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Re: Email programs that work.

On Sat, Aug 26, 2006 at 05:14:27PM -0700, Steve Lamb wrote:
> s. keeling wrote:
> > Steve Lamb <grey@dmiyu.org>:
> >>      It lacks the ability to use the SMTP interface to send mail, being
> >>  restricted to the command line to get the job done.
> > It's an MUA.  Use SMTP.
>     Exactly.  I would love to but it can't.
> >>      It lacks filtering.
> > Like a washing machine sucks as a dishwasher.
>     Yet filtering belongs in the client, especially if that client has
> multiple accounts since one wouldn't want the same filters to apply to all
> accounts.
I would have to respectfully disagree with you here.  If you are using
POP, you might have a case.  However, if you are using IMAP, then the
filtering belongs on the server.  I like knowing that no matter which of
the three different clients I use from the three computers in my house
or any of the computers at work see the same thing.  That is, when I
decide to filter debian list mail to a particular folder, then I should
not need to implement that on two or three MUAs on half a dozen hosts.
I should be able to log into the server, do it once there and have it
take effect everywhere.

The same goes with Spam.  I don't have to train more than one Spam
filter, that being the one on the server.

> >>      It lacks a decent IMAP implementation.  Hint, IMAP is not a glorified
> >>   POP.
> > Don't care.
>     You don't.  I do.  I rather like being able to read mail on my Debian
> laptop, my WinXP Game machine or any machine with a web-capable browser and
> get all of my mail all of the time.
But yet, you want the client to handle all your filtering for you?  That
makes no sense.

> >>      It lacks a decent multi-account implementation.  Having to configure
> >>  every single item by hand without the concept of account inheritance is 
> >>  a nightmare.
> > You have a ridiculously complicated "system" for organizing your mail,
> > and it's mutt's fault for doing what it does well.  No.
>     A rediculously complicated system?  What's so complicated about it.  Let's
> see, I have home mail and I have work mail.  I configure my home account with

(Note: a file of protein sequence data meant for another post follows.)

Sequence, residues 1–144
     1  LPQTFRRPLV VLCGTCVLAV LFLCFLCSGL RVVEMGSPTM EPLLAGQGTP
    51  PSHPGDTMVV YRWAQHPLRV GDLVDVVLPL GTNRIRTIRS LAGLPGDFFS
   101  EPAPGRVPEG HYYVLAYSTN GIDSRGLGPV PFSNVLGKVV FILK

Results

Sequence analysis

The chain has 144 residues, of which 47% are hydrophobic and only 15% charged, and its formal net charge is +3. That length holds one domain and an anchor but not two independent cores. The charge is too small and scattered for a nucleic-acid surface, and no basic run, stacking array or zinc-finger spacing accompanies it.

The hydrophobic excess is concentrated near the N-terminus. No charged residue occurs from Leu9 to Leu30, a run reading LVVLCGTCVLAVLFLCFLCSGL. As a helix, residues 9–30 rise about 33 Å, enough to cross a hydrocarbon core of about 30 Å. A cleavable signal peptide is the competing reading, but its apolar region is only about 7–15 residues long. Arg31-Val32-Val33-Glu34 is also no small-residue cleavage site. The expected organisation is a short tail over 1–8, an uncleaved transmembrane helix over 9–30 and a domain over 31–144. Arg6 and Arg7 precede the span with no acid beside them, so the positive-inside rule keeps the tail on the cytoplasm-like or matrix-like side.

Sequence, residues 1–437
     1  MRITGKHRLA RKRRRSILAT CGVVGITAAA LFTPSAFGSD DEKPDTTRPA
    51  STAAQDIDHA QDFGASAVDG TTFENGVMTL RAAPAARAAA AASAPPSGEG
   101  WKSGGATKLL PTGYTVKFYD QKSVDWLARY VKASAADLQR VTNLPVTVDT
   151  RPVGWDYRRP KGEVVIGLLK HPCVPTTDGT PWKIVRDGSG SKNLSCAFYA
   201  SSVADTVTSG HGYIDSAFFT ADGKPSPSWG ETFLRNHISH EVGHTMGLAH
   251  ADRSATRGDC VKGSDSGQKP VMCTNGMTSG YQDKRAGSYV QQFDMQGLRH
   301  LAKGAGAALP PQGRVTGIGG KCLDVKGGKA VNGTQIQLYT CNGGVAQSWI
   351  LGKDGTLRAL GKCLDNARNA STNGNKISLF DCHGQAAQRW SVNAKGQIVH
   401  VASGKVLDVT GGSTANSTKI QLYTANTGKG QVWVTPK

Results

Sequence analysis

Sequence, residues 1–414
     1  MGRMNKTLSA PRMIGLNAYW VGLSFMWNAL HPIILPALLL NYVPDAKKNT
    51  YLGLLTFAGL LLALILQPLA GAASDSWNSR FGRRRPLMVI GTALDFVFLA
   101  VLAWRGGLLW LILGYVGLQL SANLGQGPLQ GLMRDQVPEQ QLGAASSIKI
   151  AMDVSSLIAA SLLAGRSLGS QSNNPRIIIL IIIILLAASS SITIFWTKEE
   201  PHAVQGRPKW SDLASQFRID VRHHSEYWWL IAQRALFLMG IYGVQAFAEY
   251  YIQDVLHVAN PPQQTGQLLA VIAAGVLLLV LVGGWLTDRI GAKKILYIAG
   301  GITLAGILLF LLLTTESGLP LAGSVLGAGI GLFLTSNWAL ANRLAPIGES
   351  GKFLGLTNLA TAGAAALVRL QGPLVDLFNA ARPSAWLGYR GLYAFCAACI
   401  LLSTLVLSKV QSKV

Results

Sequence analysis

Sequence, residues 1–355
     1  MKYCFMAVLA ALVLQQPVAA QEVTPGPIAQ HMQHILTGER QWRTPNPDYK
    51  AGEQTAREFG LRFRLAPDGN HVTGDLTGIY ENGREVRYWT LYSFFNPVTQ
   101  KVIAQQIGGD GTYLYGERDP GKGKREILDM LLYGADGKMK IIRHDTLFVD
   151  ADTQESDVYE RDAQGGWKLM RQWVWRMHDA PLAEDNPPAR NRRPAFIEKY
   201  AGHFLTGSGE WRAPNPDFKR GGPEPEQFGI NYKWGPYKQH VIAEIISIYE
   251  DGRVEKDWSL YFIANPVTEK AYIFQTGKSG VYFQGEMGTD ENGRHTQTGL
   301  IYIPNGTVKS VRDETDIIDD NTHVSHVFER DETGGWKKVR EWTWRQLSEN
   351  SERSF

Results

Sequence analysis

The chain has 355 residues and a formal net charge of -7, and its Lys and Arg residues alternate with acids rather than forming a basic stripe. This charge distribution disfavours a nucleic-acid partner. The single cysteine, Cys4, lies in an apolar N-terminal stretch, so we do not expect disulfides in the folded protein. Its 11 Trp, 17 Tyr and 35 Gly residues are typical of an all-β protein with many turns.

> 1 signature, 1 POP/IMAP server, 1 SMTP server.  All the mail remains separate.
>  All my home filters only apply to my home mail.  I need a work account I
> configure 1 signature, 1 POP/IMAP server, 1 SMTP server.  All mail remains
> separate.  All my work filters only apply to my work mail.
>     Mutt, by contrast, requires you to first.... learn how to run an SMTP
> server, shove all your work and home mail through it where you then have to
> write filters which separate it back out.  Nevermind that all filters apply to
> all mail all of the time.  Then, once it is filtered out, you need to go
> through for every freakin' folder and define which address it is supposed to
> come from, which sent-mail folder it is supposed to go to, which signature to
> use.  Add a new folder?  Have to do it all over again.  And heaven help the
> person who wants to send home mail through his home SMTP server and work mail
> through his work SMTP server because of sticky little work policies which
> state that all mail that passes through the work server is subject to being
> read at any time by any upper management or security personell, work servers
> are not to be used for personal mail and any work mail which is going between
> two employees in the company must go through the work SMTP server whenever
> possible to prevent outside companies from being able to record and review
> confidential documents.  So know what that means?  Right, back to the SMTP
> server to mangle outbound mail to go to the right server and pray they don't
> nail you for the Received line.  That alone shows that Mutt is far more
> complex than it needs to be.  Separate how outbound mail gets to its
> destination in modern clients *one freaking configuration option*.  To do it
> in Mutt requires advanced SMTP server techniques!
Have you even bothered to Google search for "mutt multiple accounts"?
It appears that the account-hook configuration setting can be used to
set up a number of different IMAP accounts between which you can switch
quite easily.  No local SMTP server setup required.  Besides, mutt is
only complex because of its extreme flexibility.


Roberto C. Sanchez

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